Helpers vs Extenders

One of the most important features we need to achieve in our life as developers is to write code which at some point can be reused. Reuse is tricky word because sometimes we find ourselves saying “it just needs a tiny modification” when it needs some major rewriting. Making reusable code is not just writing a snippet of code and then copy it and write it down again, it’s having libraries of code that don’t need any sort of modification (in the worst case scenario, some small ones).


This takes me to the point of this post, which is considering method extensions when developing applications. Let’s see the following problem, suppose we need for a certain task to retrieve the names of the properties available in an object, but we need to make this as generically as possible, because we don’t know when we could need the same feature again.


The initial approach is to do a small static class which does the job, most people tend to call these classes helpers. Helpers are there to “help” our code doing stuff that might be needed by several parts of the same application. To our problem, the helper code would look like this:


public static class ReflectionHelper
{
    public static List GetMethods( object who )
    {
        //Implementation of the method
    }
}

This approach does work most times, but is not nice in the refactoring sense of development. We need to keep these kinds of helper objects to the smallest amount in any design we make, because by following this pattern, we can end up in one of two possible scenarios.


The first possible ending is that we might end up with a few helper classes doing just a few functionalities, sometimes providing a really horrible refactoring nightmare. The second possible scenario is that we might end up with one monster helper with a lot of helper methods, which will make the previous nightmare look like a pleasant dream.


There are two more plausible solutions to this problem. The first one applies to the case where retrieving the list of methods is part of the work of our objects; to this case we could apply the scenario of an ORM framework when it’s mapping the properties to an object and retrieves the properties using reflection. Anyways, in this case we could add a base class called ReflectableObject, which provides all the required functionalities.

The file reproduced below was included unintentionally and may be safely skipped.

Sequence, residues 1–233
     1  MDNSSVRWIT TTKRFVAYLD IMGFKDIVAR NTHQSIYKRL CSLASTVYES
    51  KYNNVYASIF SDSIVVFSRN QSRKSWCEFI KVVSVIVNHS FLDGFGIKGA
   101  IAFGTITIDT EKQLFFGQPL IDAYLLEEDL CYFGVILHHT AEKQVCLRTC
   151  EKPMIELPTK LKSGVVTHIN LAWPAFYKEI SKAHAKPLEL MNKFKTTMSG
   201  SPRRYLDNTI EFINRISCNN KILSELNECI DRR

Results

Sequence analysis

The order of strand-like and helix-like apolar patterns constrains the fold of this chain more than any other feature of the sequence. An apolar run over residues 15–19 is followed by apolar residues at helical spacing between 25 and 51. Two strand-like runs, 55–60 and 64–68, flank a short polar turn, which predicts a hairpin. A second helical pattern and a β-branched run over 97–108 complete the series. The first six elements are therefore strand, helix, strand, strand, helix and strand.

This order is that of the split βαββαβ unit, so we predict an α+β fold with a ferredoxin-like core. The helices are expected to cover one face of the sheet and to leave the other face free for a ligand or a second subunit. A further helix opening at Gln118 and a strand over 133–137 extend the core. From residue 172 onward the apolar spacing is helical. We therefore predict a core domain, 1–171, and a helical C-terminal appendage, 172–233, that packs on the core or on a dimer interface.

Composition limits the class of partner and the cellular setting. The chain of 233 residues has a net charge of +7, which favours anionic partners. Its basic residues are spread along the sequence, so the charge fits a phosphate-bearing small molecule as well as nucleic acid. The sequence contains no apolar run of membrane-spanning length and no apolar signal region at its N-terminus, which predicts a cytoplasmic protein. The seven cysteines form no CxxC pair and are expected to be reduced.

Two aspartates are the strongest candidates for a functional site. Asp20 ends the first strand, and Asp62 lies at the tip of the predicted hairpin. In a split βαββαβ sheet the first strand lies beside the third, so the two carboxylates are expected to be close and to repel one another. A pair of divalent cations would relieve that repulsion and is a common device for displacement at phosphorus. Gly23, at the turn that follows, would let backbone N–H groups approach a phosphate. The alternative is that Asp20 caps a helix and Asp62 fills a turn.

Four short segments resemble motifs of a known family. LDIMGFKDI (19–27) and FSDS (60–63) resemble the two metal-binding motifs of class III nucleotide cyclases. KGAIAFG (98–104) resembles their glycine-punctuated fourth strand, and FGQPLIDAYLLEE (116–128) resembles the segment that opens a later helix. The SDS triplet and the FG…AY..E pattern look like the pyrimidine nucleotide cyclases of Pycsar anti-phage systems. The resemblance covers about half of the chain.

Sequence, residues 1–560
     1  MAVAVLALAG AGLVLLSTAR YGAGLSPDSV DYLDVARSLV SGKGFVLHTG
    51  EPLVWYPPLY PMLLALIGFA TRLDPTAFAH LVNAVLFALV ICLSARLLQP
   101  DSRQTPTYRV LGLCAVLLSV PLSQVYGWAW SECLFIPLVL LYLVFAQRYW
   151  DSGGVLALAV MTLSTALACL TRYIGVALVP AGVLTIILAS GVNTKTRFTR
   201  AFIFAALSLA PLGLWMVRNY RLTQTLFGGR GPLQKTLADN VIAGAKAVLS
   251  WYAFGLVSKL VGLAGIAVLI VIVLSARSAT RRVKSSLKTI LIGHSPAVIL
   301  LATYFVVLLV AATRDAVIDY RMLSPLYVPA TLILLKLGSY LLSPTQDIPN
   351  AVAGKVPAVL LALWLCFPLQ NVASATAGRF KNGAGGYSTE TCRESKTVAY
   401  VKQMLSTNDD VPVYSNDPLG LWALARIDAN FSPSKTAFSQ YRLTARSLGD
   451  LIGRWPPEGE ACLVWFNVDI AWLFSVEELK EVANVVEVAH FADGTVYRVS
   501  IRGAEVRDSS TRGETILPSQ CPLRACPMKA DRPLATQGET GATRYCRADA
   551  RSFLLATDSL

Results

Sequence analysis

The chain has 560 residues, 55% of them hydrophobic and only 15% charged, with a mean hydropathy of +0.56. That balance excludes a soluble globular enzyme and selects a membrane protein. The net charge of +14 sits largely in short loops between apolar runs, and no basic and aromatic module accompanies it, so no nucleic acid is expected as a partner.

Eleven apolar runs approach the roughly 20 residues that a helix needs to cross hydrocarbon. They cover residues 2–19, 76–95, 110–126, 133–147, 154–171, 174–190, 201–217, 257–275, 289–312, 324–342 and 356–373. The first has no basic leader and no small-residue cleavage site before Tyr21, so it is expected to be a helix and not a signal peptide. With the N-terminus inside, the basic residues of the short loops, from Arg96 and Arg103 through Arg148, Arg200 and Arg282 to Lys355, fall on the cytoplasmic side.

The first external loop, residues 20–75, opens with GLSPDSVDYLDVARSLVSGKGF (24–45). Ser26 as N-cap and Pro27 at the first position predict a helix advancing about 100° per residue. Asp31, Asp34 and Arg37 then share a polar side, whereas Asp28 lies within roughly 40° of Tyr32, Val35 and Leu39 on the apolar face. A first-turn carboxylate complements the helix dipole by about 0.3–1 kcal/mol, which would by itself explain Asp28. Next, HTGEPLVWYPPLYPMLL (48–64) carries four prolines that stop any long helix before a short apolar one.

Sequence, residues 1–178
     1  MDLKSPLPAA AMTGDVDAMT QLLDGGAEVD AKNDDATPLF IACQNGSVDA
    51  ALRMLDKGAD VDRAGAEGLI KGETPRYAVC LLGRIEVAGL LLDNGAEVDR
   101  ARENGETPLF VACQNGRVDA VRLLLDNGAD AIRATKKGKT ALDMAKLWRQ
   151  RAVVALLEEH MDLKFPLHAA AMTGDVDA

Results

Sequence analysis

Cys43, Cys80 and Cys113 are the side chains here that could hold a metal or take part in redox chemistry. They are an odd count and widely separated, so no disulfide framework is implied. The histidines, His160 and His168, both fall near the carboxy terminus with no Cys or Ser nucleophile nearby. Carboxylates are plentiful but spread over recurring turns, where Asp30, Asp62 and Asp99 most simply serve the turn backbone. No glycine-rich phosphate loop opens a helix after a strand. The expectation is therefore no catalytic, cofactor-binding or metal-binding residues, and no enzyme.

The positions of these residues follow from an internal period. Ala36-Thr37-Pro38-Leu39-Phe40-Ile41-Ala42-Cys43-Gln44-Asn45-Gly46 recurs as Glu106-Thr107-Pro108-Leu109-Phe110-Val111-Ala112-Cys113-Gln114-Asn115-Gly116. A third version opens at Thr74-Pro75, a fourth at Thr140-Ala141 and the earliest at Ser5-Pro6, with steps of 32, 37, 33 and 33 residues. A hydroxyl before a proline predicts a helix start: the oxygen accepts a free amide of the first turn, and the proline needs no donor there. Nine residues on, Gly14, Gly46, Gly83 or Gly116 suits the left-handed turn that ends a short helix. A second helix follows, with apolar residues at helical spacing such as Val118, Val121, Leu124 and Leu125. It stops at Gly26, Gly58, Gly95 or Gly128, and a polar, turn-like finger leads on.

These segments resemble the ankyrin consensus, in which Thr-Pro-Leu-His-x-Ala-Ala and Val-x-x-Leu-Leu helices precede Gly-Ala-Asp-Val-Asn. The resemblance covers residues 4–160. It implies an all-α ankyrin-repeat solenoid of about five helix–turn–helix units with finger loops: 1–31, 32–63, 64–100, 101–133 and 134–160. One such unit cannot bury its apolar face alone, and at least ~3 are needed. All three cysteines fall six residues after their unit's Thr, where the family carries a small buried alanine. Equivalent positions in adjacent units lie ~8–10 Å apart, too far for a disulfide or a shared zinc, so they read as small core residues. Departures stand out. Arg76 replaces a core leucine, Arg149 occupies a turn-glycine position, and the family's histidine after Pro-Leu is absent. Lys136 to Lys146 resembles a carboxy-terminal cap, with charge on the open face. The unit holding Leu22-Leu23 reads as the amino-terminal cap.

If we choose to follow the ORM sample, we would have a class diagram having a Model class and to complicate things a bit, we could also have a repository class. Both would need to perform some sort of reflection on the objects they manage, so they would require it. The class diagram would be like this:



This way works pretty well for the cases where we want to include this behavior into the object, but this does pose a few problems:


  • We would need to add an extra layer of classes to our design, thus complicating the design
  • When we have only one class needing to perform the actual operation we need to create, adding another layer of complexity would feel like killing a fly with a rail gun.
  • If by any chance of fate we are working with sealed classes, inheritance is automatically discarded.

Finally, there is one last option: Using extension methods. Extension methods are there to provide a flexible and reusable way to extend objects that are there already, and we do not want to either modify or inherit.


We can think of extensions as a light inheritance, we say: “OK, we have this class and we want to add a few methods to it, but we don’t want to create a new class and inherit from it, so what do we do?”

We extend the class.

The code to extend a class is quite similar to the helper, but instead we include a reference to the class we are planning to extend in the method, like this:


public static class ReflectionHelper 
{ 
     public static List GetMethods( this object who ) 
     {
          //Implementation of the method 
     } 
} 

Is quite simple, suppose that our class is in the ReflectionHelpers namespace, we would be able to do this then:


using ReflectionHelpers; 
using System; 

namespace MyNamespace 
{ 
    public class MyClass 
    { 
        public void Foo() 
        {
            object o = SomeWeirdOperation(); 
            var methods = o.GetMethods(); 
        } 
    } 
}

All objects can call now the GetMethods method! By doing this we are successfully removing the extra layer from the design, we are getting the job done and it doesn’t requires new classes to be added, if we change the ReflectionHelper class name to Reflexive it wouldn’t matter, because all that matters is that the GetMethods method is extending the object class as specified in the object signature.

Extension methods are the base of LINQ, and perhaps one of the most powerful tools implemented in the .NET framework.

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